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Software

Software: Selenium, Password Managers, MAAS

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Software
  • Testing web applications with Selenium

    Whenever one is engaged in large-scale changes to a software project, it is nice to have some assurance that regressions are not being introduced in the process. Test suites can be helpful in that regard. But while the testing of low-level components can be relatively straightforward, testing at the user-interface level can be harder. Web applications, which must also interact with web browsers, can be especially challenging in this regard. While working on just this sort of project, your editor finally got around to looking at Selenium WebDriver as a potential source of help for the testing problem.

    The overall goal of the Selenium project is automating the task of dealing with web browsers (from the user side). The WebDriver component, in particular, provides an API allowing a program to control a browser and observe how the browser reacts. There are many potential applications for this kind of functionality; it could be used to automate any of a number of tiresome, web-oriented tasks that resist the use of simpler tools, for example. But perhaps the most obvious use case is regression-testing of web applications.

    The Selenium code is distributed under version 2.0 of the Apache license; it is available on GitHub. The WebDriver component offers API bindings for a number of languages, including Java, JavaScript, C#, Perl, PHP, Python (2 and 3), and Ruby. Your editor, naturally, was interested in the Python bindings. Fedora 28 packages the relatively old 3.7.0 release from December 2017, which is discouraging, but the current 3.14.0 release can be had from PyPI. One must also obtain a "driver" for one or more specific browsers; your editor has been using geckodriver to test with Firefox.

  • Best Free Linux Password Managers

    A password manager is a utility which helps users store and retrieve passwords and other data. Most password managers use a local database to hold the encrypted password data.

    In modern society, people face a bamboozling amount of information to retain. Most people read a considerable amount of information online on a regular basis. Whether you conduct business online, read for your job, or just read for pleasure, the internet is a vast source of information. Retaining that information on a long-term basis can be difficult. However, some nuggets of information need to be recalled quickly. Passwords are one such example.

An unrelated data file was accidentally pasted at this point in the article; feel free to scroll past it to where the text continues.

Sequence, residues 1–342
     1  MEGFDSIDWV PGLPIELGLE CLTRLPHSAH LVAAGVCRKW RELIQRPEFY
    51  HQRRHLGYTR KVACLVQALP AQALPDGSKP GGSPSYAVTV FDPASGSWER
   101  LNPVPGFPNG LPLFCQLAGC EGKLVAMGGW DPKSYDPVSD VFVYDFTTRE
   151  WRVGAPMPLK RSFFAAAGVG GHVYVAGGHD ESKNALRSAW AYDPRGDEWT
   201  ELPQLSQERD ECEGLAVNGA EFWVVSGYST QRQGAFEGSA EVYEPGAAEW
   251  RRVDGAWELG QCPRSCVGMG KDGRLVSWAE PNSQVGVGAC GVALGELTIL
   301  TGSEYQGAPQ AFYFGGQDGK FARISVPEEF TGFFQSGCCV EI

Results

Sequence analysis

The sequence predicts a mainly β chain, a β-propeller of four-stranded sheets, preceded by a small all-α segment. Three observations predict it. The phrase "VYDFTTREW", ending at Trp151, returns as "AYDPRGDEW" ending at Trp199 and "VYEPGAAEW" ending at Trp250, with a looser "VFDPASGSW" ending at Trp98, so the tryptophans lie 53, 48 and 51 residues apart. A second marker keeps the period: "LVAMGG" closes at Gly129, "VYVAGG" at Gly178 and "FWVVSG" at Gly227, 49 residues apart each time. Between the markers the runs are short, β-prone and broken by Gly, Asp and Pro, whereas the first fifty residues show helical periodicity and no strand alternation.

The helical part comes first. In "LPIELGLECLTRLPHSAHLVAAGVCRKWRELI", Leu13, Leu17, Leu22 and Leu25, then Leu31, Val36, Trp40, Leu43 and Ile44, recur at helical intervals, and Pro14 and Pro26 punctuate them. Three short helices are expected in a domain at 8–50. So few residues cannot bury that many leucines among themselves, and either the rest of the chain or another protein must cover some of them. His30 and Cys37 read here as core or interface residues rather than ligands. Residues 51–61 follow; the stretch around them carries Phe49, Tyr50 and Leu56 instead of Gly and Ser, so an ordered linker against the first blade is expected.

As a computer user, you’ll no doubt have numerous passwords to remember. Sites have arbitrary rules for various services. For example, a site may insist on a minimum number of characters, capital letters, numerals, and special characters which make choosing the same password for each site to be impossible. More importantly, there are good security reasons not to duplicate passwords. Password reuse and simple, easy-to-guess passwords are difficult issues. If you’re using the same password on more than one site, you risk having several accounts stolen if any one of them is breached.

  • MAAS 2.4.1 released!

    MAAS 2.4.1 has now been released and it is a bug fix release. Please see more details in discourse.maas.io [1].

Software: FOSS Alternatives

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Software

Software: HTTP Stuff, Blender, Browsh, Chronos Timetracker and DaVinci Resolve 15

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Software
  • HTTP request routing and validation with gorilla/mux

    The Go networking library includes the http.ServeMux structure type, which supports HTTP request multiplexing (routing): A web server routes an HTTP request for a hosted resource, with a URI such as /sales4today, to a code handler; the handler performs the appropriate logic before sending an HTTP response, typically an HTML page.

  • Blender 2.8 Alpha 2 Just Released, but Full Release Pushed to Early 2019

    The free and open-source Blender 3D modeling software, a popular alternative to more expensive suites like Maya LT and 3DS Max, is facing a bit of a delay in their release schedule for Blender 2.80 – however, the developers intend to release it by early next year 2019.

    The devs had hoped to have a feature complete beta ready this August 2018, but that doesn’t look like a possibility either – the team spent most of their time “improving” the currently existing features, and eliminating current bugs within the software. However, a Blender 2.80 Alpha 2 was released just today.

  • Browsh – A Modern Text Browser That Play Videos and Everything